Monday, January 12, 2015

Waterloo 1815: Wavre, Plancenoit & the Race to Paris

The third and final book, eh booklet, of my recent purchase.  A triumph for me is that I have actually now read all three.  This is a rarity as normally book purchases go on to the great book pile, just next to lead mountain over near the tower of DVDs.  (Digressing, there is actually a word for this: Tsundoku.  See this post from the Inky Fool to learn more.)

This book followed the same format and indeed included some of the same text as its companion Waterloo 1815: Quatre Bras & Ligny.  Again the editing could have been better, but the number of errors seemed less, although I might just be getting used to them.  Having just refought the battle twice, the Plancenoit section was the part of most immediate interest.  The march is well covered and supported by useful photos.  Again the book is also meant as a tour guide which is both frustrating and inspiring.

Eighteen months ago I had read Hyde Kelly's 1905 book on Warve and Grouchy's subsequent retreat, a copy of which is available as a downloadable PDF here.  So I knew a bit about the retreat.  What was new for me in the Hofschroer book was the account of the sieges of the border fortresses.

The Prussian attack on Plancenoit is impressive given the troop quality and the distance and conditions of the march.  Weight of numbers certainly helps and Plancenoit makes an interesting contrast with the Prussian defence of Warve where they were out numbered two to one, but held a strong defensive position.  At Plancenoit, another good defensive position, the French are outnumbered three to one.  A cannon or musket ball takes no account of whether the target is guard or landwher.


  1. I really enjoyed this book to SoY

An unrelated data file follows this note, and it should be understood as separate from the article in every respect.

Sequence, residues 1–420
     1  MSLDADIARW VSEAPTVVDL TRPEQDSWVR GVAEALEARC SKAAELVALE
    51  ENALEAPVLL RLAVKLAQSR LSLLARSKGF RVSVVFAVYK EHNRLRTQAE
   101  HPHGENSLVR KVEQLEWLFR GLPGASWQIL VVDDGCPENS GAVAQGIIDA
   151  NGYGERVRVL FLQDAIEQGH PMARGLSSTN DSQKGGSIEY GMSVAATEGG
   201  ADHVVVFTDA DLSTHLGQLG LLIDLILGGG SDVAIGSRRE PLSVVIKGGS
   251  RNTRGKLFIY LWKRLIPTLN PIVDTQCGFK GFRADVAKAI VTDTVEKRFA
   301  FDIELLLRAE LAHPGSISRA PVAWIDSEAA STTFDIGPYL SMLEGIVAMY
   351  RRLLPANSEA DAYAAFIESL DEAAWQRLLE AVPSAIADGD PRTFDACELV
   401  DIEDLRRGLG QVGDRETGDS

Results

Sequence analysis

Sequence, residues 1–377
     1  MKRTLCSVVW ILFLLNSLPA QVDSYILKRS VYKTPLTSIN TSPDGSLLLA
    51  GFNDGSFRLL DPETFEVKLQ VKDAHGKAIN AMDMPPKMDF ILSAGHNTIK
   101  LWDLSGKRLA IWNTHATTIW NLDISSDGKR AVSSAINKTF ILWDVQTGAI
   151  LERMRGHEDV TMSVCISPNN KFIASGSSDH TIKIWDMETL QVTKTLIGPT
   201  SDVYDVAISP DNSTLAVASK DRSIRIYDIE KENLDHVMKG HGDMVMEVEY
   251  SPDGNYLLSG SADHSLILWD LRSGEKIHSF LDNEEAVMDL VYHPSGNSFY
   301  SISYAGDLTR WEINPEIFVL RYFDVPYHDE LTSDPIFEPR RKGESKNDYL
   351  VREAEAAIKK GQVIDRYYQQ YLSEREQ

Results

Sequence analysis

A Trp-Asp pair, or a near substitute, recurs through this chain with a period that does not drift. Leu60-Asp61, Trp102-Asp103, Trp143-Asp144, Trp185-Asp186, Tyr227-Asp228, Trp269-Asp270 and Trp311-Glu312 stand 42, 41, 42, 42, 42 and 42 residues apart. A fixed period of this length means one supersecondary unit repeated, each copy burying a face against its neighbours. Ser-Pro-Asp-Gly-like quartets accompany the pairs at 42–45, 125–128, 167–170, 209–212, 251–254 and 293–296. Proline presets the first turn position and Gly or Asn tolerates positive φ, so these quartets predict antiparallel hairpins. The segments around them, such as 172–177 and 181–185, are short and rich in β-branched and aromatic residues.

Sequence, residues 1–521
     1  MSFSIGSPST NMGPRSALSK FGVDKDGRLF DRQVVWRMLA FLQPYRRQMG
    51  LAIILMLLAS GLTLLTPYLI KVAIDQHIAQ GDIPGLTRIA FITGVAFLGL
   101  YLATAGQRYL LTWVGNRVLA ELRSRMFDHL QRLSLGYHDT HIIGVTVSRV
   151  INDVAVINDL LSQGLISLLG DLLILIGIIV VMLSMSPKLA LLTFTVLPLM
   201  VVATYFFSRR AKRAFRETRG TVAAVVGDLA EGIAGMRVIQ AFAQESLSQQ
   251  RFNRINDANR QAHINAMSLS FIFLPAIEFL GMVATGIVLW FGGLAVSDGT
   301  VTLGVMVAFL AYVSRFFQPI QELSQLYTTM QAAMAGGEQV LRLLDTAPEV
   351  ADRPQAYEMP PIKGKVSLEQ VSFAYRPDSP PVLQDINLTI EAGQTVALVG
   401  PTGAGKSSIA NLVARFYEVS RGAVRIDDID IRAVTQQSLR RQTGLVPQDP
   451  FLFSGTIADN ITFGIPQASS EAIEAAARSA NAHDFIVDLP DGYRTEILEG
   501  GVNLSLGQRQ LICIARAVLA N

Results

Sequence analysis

2. Were these books (booklets?) later publications or rewrites of Peter Hofschroer's double-volume "1815 The Waterloo campaign"? I found the second volume a few months back: "The German Victory", which gave an account of Waterloo, Plancenoit and Wavre and the final defeat of the French (including the sieges of the border forts and the operations around Paris).

    I find the author's stance more than a little partisan, but that might be just as well, given the Anglo-centric accounts to which we have become accustomed.

    1. This book was a 2014 reprint of a book that was first published in 2006. Its companion was published in 2005. I don't have his double volume 1815 - The Waterloo Campaign, but they were published in 1998 and 1999 (based on a list that appears in Wikipedia). So definitely later publications. I doubt if they are rewrites and possibly more just condensed material with possibly the addition of tour guide information.

      I grew up thinking there was only British at Waterloo and the Prussians arrived too late, so there is some historical bias to overcome I expect :-)

      I should say my growing up knowledge was based on the availability of Airfix figure sets.